Like Horgan, Payne sees irony in what's going on with the student loan rates. "I think that the administration has sent a message about how important it is that we increase the number of college graduates in this country, and I think families are doing their part," she said.
Parents take out second mortgages to pay for college, and students look for lower-cost ways to complete their educations, Payne said. Yet the federal government just doubled the interest rate for the most vulnerable students and families, she said.
"These are working folks who are doing everything in their power to be prepared to pay for college," she said. "It's just contrary to the message that the federal government is sending about the importance of education beyond high school.
"Money talks. When the dollars aren't there to help support them, even when they're willing to work for it and borrow for it, then that's difficult," she said.
Philip Armstrong, a 2013 graduate of Goffstown High School, is heading to Villanova in the fall to study civil and environmental engineering. He said he never used to understand how people could still be paying off their college debts in their 40s and 50s. "I thought it was absurd," he wrote in an email exchange with a reporter.
Now he gets it, Armstrong said. And word that interest rates just doubled on his federal subsidized loan doesn't help. "Do they really know what an impact it causes?" he asked. "We are paying our tuition bill till we are middle age practically!
"I guess my goal of paying off college debt within five years after graduation will not be accomplished," he wrote. "I will have to multiply that goal of five years by 10."
NHHEAF's Payne said New Hampshire's congressional delegation "did its part" to try to resolve the interest rate issue, but Congress couldn't reach an agreement in time. (See related story.)She said she understands that taxpayers have a financial interest in getting more money back from these federal loans. "But I think that those taxpayers interested in supporting our work force goals and our higher education goals, and those with children who are going to college and struggling to make those payments, may not be as happy."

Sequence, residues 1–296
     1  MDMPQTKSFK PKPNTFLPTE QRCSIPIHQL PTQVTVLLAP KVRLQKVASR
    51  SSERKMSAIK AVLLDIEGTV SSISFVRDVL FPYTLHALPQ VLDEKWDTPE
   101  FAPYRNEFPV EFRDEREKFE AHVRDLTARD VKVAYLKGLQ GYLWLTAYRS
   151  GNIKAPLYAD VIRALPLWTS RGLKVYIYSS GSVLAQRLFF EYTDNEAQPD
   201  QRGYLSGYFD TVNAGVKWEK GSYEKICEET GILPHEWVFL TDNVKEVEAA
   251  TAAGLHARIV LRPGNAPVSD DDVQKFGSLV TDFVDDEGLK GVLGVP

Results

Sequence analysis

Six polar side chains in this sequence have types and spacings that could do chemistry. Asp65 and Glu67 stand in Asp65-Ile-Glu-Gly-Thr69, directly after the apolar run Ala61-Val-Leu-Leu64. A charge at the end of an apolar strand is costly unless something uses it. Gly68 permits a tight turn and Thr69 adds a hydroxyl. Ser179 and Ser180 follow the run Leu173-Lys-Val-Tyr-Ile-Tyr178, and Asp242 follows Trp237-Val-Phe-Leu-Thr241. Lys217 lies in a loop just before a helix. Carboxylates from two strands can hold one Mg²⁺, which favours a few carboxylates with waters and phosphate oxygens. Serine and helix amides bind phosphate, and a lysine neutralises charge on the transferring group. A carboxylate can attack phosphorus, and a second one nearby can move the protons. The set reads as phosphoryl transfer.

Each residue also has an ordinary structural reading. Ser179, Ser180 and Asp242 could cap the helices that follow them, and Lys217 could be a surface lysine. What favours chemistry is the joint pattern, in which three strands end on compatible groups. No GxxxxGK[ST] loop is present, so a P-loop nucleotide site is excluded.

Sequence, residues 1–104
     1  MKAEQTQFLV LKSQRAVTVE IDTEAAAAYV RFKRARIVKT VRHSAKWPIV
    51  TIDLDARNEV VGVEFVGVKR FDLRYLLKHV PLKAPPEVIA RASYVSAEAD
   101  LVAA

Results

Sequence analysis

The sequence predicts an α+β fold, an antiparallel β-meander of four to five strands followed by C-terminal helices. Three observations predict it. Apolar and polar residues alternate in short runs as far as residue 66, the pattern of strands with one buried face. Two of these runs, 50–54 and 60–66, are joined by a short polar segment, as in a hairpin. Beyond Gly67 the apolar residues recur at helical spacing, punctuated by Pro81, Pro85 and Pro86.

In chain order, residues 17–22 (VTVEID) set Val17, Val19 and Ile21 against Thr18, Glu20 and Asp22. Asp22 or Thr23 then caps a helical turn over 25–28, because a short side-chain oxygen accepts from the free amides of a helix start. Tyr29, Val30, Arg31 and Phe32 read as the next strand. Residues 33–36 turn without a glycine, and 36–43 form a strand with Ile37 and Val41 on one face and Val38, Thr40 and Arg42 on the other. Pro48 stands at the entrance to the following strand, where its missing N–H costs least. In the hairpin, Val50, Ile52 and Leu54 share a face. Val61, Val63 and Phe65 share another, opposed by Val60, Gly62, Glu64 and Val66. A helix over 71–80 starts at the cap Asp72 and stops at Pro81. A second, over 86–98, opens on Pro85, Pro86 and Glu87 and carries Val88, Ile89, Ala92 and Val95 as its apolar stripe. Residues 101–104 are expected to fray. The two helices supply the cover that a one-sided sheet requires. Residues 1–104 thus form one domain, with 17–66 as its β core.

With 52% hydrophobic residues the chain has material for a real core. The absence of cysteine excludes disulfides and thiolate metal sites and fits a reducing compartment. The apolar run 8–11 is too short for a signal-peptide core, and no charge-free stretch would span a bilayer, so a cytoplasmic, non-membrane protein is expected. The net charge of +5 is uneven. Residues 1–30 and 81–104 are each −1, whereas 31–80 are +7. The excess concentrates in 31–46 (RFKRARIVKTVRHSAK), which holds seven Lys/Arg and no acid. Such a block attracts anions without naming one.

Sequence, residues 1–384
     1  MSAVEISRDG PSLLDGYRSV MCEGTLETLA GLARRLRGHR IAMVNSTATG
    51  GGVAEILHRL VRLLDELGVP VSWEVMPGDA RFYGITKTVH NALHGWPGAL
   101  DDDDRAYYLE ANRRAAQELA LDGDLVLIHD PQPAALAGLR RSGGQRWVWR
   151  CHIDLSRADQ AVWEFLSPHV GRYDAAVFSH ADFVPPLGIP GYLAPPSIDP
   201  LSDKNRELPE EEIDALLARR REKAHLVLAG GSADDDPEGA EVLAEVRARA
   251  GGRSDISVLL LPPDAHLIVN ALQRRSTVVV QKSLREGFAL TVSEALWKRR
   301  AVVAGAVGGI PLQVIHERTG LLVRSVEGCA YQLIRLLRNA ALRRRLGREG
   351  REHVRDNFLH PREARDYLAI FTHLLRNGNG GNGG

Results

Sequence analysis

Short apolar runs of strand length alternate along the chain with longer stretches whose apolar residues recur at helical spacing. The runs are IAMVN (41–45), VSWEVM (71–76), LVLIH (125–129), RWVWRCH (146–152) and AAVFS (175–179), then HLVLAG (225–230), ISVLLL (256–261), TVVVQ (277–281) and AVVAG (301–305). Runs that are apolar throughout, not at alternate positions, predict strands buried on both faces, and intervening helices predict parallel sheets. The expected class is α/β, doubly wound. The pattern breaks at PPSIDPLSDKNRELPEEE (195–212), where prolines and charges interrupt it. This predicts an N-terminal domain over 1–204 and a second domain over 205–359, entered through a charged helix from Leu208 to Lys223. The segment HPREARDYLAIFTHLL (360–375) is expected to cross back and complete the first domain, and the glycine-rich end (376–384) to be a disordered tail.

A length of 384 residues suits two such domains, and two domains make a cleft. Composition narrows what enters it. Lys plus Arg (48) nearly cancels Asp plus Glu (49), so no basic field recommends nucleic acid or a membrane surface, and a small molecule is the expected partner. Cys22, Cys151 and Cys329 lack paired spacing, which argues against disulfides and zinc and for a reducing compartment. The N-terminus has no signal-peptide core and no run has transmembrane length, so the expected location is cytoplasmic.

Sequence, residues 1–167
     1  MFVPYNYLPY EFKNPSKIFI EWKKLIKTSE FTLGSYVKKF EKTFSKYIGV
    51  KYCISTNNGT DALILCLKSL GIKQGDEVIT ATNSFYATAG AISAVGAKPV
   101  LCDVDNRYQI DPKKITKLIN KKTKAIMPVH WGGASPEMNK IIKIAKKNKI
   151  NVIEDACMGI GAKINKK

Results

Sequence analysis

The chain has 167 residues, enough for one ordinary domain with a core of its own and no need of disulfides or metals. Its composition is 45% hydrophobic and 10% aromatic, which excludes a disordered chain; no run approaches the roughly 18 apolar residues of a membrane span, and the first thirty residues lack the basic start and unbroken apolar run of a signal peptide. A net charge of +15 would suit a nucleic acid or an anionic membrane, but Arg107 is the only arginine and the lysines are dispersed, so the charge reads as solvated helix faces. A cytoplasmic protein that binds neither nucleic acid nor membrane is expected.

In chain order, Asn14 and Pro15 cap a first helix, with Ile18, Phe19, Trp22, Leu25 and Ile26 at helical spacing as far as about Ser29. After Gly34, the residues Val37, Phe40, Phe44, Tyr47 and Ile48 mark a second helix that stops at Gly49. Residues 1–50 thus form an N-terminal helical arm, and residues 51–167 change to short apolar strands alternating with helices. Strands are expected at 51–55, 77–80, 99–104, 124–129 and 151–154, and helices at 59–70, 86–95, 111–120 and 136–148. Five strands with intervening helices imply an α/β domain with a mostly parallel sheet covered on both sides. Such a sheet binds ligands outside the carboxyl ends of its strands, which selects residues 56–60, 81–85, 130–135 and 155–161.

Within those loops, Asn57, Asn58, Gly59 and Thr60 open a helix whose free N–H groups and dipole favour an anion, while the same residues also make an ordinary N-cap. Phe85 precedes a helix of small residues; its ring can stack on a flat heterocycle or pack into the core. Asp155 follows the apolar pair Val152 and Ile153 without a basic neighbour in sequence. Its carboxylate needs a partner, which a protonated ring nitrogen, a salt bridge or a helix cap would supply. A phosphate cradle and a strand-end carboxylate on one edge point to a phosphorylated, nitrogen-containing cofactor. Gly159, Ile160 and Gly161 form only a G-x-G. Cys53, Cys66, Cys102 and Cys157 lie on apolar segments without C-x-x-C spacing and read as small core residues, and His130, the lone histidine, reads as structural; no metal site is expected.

Horgan contends the increase is especially unfair for students who are midway through their education and now face doubling interest rates for their next two years.
"That sounds a little bit like bait and switch to me," he said. "Who doubles? Really, who doubles the rates?"
He noted the debate over college loan rates comes at a time when there's growing pressure on American students to compete globally. "A generation ago, the United States was Number 1 among the industrialized nations in the percent of our citizens who had four-year bachelor degrees. Today, we're Number 12," he said.
"You can't have a democracy if your citizens aren't educated," he said.
"So for the sake of our democracy, and for the sake of our economy ... we need to be putting more resources into making college more affordable and encouraging more students to make the choice to go on to higher education so that we're able to participate in the 21st-century economy."
In the end, Horgan said, "I don't really think the national debt should be paid for on the backs of students trying to get an education."